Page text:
The collapse of Palmer & Harvey is set to become the latest business failure to be examined by MPs after the chairman of the Commons Work & Pensions Committee Frank Field indicated it would be included in a wider investigation into the increasing number of company pension funds being bailed out by the taxpayer.
Referring to the estimated £80m pension black hole, Field told the Mail on Sunday: “I’m massively concerned. It’s not just a one-off. We are beginning to see a pattern of people raiding companies, then leaving them to be rescued by the Pension Protection Fund.”
Shell has admitted there could be the “possibility of interruption” to the supply of products at its filling stations in the wake of P&H going bust.
“Shell is confident this will not have a sustained adverse impact on the supply of convenience retail products to its company-owned service stations,” said a spokeswoman. “While there may be the possibility of interruption to the supply of some lines over the next few weeks, Shell has activated a contingency plan to ensure the best continuity.”
Palmer & Harvey supplied 90,000 outlets such as motorway service firms and forecourts like Welcome Break and Moto.
Morrisons extended its partnership with Rontec for it to operate 50 Morrisons Daily stores at its sites earlier this year.
The c-stores had been supplied by P&H but neither Morrisons nor Rontec would comment.
Moto said Blakemore “stepped in last weekend for twice-a-week deliveries” to all its retail and forecourt shops.
Field was reacting after it emerged that P&H executives, including Chris Adams and Chris Etherington, received almost £70m in interest payments since a 2008 MBO on preferential shares that had been funded using interest-free loans from P&H’s staff benefit trust. The payments of at least £8m per annum were given out as late as 2016 despite growing debts and increasing losses. It also emerged that the scheme was set up using a separate company vehicle called Buildtrue, and had £42m funds according to the latest accounts, but administrators were unable to access these as they were ring-fenced.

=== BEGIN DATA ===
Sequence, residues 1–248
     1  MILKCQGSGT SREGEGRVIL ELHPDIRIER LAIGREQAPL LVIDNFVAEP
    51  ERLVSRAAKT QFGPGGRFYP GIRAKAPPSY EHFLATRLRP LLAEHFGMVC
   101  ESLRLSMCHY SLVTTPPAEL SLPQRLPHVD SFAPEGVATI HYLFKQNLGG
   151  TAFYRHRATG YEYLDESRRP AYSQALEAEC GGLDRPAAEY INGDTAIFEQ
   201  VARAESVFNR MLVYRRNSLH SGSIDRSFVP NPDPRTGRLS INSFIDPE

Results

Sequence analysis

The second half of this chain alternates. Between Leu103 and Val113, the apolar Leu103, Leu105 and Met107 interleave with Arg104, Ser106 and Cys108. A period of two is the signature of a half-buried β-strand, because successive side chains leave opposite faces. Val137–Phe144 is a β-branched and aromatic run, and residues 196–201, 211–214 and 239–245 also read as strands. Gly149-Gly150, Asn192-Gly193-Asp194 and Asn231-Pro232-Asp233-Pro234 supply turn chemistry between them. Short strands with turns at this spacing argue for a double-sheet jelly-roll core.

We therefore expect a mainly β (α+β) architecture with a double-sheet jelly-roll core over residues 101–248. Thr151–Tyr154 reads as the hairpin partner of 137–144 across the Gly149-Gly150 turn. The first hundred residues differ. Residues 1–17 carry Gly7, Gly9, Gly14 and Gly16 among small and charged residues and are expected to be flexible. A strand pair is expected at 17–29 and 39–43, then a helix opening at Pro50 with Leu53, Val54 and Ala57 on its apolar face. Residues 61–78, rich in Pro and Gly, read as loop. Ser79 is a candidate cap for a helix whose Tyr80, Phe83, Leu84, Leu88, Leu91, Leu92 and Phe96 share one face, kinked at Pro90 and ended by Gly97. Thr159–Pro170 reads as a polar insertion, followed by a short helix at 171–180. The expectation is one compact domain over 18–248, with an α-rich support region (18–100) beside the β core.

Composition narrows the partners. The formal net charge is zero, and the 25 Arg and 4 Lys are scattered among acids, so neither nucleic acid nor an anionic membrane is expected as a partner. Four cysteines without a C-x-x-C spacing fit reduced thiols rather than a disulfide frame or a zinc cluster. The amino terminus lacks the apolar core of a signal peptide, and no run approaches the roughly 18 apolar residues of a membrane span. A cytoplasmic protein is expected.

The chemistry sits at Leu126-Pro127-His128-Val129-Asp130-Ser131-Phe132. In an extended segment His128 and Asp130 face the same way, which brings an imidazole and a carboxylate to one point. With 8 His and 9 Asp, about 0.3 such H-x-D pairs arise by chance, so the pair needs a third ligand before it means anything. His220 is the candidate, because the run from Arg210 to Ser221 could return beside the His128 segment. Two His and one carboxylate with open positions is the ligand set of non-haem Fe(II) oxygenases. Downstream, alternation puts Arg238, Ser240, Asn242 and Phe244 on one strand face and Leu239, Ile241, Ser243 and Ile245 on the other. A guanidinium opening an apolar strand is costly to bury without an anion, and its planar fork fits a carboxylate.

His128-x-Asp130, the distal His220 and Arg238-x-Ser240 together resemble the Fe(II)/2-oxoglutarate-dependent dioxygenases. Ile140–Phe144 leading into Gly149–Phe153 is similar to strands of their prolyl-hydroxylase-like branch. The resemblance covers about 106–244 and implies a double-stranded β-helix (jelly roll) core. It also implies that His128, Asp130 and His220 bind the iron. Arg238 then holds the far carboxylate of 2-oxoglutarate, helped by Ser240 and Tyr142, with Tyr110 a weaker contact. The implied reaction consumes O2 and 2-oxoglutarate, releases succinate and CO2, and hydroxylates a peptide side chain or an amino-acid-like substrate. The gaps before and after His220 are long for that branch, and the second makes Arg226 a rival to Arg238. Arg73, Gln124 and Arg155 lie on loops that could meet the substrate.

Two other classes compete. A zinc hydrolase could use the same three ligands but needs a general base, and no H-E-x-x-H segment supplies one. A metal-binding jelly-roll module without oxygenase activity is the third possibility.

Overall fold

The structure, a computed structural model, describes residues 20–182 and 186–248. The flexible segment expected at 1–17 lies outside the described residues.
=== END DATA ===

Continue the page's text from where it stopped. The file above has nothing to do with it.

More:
As The Grocer went to press, 10,500 people had signed an online petition calling on parliament to launch an investigation into the delivered wholesaler’s collapse.
The petition, set up by former P&H employee Claire Walton, reads: “At the end of November the UK’s number 1 wholesale delivery business went into administration after the mishandling of company funds. As a former Palmer & Harvey employee it would be good to understand how and why it was allowed to happen, and have the people held to account.”
Commenting on the petition’s page, ex-P&H employee Catherine Bernard wrote: “Those people who have literally destroyed a company that’s been around for a century, and ruined a lot of people’s livelihoods, should be brought to justice.”
Sarah Williamson wrote: “There are definitely individuals responsible for the company’s decline who need to be held accountable.”